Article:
Global food systems today are unsustainable for both people and the planet. They leave billions of people inadequately nourished, operate at a high environmental cost, waste large amounts of what is produced and leave many of their producers at or below the poverty level. That’s the conclusion of a World Economic Forum report prepared with McKinsey entitled “Innovation With A Purpose: The Role of Technology Innovation in Accelerating Food Systems Transformation” that is scheduled to be released at the annual meeting in Davos on Jan. 23–26.
The hope is that new technologies and innovations will help shape a very different future and advance the United Nations Sustainable Development Goals. “The Forum is trying to create an intellectual framing and stakeholder alignment,” says Antonin Picou, a McKinsey consultant who worked on the report. “How do you get the most value out of technology change and apply it for the global common good?” The envisioned transformation might not only fix what is broken, it could create economic value as well, notes the report. New business opportunities generated in the course of addressing the United Nations’ Sustainable Development Goals in the food and agriculture sector could reach $2.3 trillion annually by 2030, according to the Business and Sustainable Development Commission. The food and agriculture sectors have been slow to harness the power of new technologies, attracting significantly lower levels of investment and inspiring fewer technology start-ups than other sectors.
The Forum’s research showed that there has been $14 billion in investments in 1,000 food systems-focused startups since 2010. To put that in perspective, the healthcare sector attracted $145 billion in investment in 18,000 startups during the same time period.
The lower level of investment is due in part to the complexity of the sector. Startups can’t do it alone. Achieving a true transformation of food systems requires a holistic approach — one engaging all stakeholders and deploying a wide array of actions such as improved policy, increased investment, expanded infrastructure, farmer capacity-building, consumer behavior change and improved resource management, the report says.
12 Impact Targets
The report identifies 12 areas where it believes technology innovation could have the most impact. These include alternative proteins; food sensing technology for safety, quality and traceability; nutrogenics for personalized nutrition; Big Data for advanced analytics and insurance; mobile service delivery; blockchain-enabled traceability; Internet of Things for supply chain transparency and traceability; precision agriculture for input and water use optimization; microbiome technologies to enhance crop resilience,;gene editing for multi-trait gene improvements; biological crop protection and micro nutrients for soil management; off-grid renewable energy for services. Among the technologies with impact are proteins that serve as an alternative to meat. Startups in this space are already gaining some traction and threatening the $90 billion meat industry. Precision agriculture, a technique that uses technology to observe, measure and respond to variability in crops, is another area positioned to have a big impact. One example of a precision agriculture practice is to evaluate the natural soil variability of a field so if the soil in one area holds water better, crops can be planted more densely and irrigation reduced. Technology that enables this more targeted agriculture could reduce farmers’ costs by up to $100 billion, increase production by up to 300 million tons and reduce freshwater withdrawals by up to 180 billion cubic meters, the report says.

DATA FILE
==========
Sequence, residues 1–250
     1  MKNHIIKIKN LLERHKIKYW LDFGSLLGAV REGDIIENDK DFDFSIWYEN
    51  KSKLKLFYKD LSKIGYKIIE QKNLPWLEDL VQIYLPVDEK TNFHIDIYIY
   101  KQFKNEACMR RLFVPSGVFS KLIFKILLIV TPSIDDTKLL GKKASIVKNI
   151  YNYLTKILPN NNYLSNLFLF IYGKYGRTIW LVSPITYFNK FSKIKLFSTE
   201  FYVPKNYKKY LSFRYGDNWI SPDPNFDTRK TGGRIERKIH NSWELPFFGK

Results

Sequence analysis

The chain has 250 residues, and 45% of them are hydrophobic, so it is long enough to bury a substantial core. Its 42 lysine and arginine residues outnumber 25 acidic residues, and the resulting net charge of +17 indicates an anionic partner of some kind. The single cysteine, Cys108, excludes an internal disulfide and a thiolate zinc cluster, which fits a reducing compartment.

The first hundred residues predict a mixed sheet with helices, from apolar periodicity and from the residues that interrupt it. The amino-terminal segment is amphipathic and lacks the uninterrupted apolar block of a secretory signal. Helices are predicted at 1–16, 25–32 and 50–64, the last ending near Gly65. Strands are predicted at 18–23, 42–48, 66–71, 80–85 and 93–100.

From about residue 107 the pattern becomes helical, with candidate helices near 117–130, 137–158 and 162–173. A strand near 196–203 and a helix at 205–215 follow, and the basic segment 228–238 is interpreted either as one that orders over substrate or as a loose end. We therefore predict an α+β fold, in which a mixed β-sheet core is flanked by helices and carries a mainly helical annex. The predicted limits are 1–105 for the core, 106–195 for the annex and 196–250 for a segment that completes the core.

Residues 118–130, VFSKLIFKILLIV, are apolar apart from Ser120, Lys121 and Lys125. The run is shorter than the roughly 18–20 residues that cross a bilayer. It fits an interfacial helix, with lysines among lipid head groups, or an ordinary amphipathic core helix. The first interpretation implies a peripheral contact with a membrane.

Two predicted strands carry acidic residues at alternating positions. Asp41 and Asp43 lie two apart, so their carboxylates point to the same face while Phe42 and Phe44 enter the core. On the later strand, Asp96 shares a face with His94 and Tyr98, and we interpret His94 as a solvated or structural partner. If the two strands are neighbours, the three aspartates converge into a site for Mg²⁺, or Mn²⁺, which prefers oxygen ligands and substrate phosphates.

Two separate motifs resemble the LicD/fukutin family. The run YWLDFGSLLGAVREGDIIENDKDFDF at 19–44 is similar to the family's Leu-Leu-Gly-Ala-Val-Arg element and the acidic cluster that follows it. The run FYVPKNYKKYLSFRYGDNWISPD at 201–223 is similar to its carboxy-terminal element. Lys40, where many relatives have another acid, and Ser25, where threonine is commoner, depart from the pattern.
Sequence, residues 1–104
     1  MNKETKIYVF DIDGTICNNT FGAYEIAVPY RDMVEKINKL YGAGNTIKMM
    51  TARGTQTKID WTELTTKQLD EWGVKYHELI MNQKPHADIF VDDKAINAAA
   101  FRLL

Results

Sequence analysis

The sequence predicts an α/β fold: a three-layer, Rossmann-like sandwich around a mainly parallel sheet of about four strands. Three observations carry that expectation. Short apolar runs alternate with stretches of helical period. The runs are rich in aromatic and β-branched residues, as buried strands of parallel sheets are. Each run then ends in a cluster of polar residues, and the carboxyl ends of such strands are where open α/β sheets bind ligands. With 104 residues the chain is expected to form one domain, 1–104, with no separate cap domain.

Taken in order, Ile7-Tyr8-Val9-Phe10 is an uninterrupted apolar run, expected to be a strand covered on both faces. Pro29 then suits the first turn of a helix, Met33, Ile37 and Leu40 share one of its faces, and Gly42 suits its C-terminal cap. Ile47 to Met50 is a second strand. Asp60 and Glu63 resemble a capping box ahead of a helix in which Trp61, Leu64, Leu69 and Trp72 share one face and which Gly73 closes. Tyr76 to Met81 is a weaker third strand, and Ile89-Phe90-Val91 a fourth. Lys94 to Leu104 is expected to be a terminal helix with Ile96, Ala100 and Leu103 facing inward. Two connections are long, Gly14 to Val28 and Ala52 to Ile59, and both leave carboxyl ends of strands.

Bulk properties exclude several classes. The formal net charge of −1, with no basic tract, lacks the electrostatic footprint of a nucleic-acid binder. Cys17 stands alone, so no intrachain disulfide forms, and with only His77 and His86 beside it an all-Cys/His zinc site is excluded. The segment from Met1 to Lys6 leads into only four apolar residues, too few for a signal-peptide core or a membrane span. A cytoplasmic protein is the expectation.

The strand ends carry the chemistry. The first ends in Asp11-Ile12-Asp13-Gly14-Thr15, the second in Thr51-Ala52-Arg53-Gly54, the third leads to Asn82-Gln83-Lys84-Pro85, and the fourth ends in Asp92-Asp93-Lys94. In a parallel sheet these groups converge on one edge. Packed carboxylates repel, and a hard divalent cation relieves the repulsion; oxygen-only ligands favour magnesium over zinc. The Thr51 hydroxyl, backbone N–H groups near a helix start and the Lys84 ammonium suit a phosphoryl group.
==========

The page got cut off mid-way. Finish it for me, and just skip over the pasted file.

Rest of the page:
Several emerging technologies have the potential to shape consumer diets and consumption behaviors in ways that could significantly impact food systems. Consumers may switch their diets to plant-based or cell-grown alternatives to meat or demand that the animals they eat be fed insect-based proteins. The potential impacts of such disruptive technologies are wide-ranging. Fourth Industrial Revolution technologies have the potential to help revolutionize food systems, dramatically changing the shape of demand, improving value-chain linkages and creating more effective production systems, says the report. At the same time, however, they are likely to introduce new challenges. New technologies raise concerns pertaining to health and safety, the environment, privacy and ethics. They can create unintended consequences, which must be considered and explored in advance. In addition, their positive effects may be unevenly distributed, potentially deepening the divide between rich and poor.
Harnessing the positive impacts of technology innovation and avoiding potential downfalls will require deliberate and coordinated efforts by investors, innovators and policymakers. It is unclear if the ambitious goals can be achieved, but thanks to the Forum, at least the possibility of food reform is now on the table.